Most people understand that public servants, especially politicians, serve the people and part of their service includes following the law according to their oath of office, but Republicans reject the law when it contradicts ultra-conservative think tanks funded by wealthy industrialists Charles and David Koch. The Constitution is clear on how legislation becomes the law of the land, and one expects elected officials to reject special interest groups demands when they oppose established law, but over the past four years Republicans have demonstrated their disdain for the Constitution when neo-conservative think tanks have a different agenda.
The Affordable Care Act was hotly contested after it passed both houses of Congress and President Obama’s signature making it a legitimate law, and after it was upheld in the Supreme Court, one thought Republicans would finally accept that it cleared every legal challenge and begin implementing provisions at the state level to help 20-30 million Americans get access to affordable health care. One of the mainstays of Willard Romney’s campaign was his promise to repeal the ACA on his first day in office that not only displayed his ignorance of the repeal process, but also his lack of concern that millions of Americans would once again be at the mercy of the predatory health insurance industry and suffer from lack of healthcare. However, Romney’s defeat was not the end of the battle over the ACA and, as expected, Republican governors are doing the bidding of the Koch Brothers to frustrate the health law’s implementation.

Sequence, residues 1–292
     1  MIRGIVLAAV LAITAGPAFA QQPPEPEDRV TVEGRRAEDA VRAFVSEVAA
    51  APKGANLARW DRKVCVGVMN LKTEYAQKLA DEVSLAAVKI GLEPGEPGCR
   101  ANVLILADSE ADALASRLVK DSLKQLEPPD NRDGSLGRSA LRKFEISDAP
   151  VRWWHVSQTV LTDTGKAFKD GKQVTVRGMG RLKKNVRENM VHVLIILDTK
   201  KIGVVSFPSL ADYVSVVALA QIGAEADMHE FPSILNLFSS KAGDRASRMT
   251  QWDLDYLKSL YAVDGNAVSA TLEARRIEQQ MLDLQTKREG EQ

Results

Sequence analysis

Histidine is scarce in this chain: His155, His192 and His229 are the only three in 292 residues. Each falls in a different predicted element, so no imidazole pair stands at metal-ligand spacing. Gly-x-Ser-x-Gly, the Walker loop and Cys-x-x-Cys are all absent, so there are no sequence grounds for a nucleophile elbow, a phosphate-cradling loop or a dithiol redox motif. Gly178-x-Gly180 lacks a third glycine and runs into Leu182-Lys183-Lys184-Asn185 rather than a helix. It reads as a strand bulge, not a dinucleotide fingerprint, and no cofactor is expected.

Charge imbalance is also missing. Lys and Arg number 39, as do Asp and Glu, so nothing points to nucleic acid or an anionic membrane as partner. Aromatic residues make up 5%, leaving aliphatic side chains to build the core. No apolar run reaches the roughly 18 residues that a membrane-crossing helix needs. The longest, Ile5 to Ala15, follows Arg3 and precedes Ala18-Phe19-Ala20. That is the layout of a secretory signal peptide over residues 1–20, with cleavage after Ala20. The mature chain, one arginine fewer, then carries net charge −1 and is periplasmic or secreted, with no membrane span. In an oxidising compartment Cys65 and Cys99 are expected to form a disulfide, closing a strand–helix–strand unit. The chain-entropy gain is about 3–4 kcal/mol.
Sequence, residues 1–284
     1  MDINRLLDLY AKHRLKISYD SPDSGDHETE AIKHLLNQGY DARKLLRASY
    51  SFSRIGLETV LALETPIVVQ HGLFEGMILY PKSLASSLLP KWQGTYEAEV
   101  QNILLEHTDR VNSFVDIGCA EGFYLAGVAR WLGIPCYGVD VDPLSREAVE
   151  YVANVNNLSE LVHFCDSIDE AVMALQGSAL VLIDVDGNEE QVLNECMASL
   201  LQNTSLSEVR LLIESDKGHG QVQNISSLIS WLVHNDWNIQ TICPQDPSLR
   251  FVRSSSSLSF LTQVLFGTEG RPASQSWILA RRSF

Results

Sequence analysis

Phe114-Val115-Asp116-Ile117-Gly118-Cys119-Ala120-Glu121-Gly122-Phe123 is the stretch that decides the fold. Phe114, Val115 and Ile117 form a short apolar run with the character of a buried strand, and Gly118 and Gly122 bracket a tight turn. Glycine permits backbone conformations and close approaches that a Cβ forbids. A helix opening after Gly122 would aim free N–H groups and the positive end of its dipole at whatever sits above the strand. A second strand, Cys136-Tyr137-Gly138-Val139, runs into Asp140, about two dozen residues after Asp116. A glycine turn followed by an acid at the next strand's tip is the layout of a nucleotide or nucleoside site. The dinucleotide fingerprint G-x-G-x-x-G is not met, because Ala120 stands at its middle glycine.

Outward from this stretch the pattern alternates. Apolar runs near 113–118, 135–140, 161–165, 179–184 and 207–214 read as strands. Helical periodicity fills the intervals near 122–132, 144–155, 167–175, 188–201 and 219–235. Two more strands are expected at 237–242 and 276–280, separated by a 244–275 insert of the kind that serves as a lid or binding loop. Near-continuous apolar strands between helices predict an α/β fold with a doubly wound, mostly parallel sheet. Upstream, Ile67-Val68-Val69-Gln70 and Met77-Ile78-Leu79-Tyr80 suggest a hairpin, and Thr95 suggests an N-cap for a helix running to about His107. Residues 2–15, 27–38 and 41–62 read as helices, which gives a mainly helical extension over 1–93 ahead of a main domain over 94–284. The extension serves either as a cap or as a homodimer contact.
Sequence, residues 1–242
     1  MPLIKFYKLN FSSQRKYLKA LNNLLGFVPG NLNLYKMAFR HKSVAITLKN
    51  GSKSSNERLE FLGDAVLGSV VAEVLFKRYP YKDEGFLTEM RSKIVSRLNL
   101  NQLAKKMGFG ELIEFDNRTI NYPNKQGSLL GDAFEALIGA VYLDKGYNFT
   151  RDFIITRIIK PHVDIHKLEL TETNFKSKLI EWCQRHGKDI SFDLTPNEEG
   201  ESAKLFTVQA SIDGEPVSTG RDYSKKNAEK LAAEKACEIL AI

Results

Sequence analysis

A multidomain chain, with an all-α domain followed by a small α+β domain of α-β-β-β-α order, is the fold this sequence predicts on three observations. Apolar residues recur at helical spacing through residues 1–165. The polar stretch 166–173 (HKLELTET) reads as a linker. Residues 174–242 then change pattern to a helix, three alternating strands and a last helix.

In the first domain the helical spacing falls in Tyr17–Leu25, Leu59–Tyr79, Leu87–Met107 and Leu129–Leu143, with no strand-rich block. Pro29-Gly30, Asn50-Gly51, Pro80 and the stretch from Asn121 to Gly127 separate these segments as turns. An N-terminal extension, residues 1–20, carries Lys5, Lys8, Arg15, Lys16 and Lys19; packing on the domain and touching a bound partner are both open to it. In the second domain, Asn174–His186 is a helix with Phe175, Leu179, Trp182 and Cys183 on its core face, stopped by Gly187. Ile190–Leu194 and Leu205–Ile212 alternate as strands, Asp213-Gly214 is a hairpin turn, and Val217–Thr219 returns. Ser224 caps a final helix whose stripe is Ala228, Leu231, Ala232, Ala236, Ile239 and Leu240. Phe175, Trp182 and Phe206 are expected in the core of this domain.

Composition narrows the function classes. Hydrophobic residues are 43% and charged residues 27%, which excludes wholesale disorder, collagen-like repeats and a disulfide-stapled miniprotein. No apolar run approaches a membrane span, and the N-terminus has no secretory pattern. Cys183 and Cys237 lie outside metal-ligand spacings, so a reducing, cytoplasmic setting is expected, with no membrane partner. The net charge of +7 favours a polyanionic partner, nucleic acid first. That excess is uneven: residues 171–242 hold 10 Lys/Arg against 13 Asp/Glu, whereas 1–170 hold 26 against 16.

The Koch Brothers think-tank, Americans for Prosperity, handed down a warning to New Jersey Governor Chris Christie for not rejecting provisions in the ACA to submit health insurance exchange plans ahead of the health law’s full implementation. Republicans were already furious with Christie for praising President Obama’s rapid response to the super-storm Sandy that ravaged parts of the East Coast last week, and now the Koch Brothers are pressuring him to reject a New Jersey exchange bill to rebuff the ACA’s requirement before a November 16 cutoff date for states to set up health insurance exchanges. If states fail to set up the exchanges, the federal government does it for them and the provision gave individual states leeway to set up a healthcare marketplace according to their resident’s needs.
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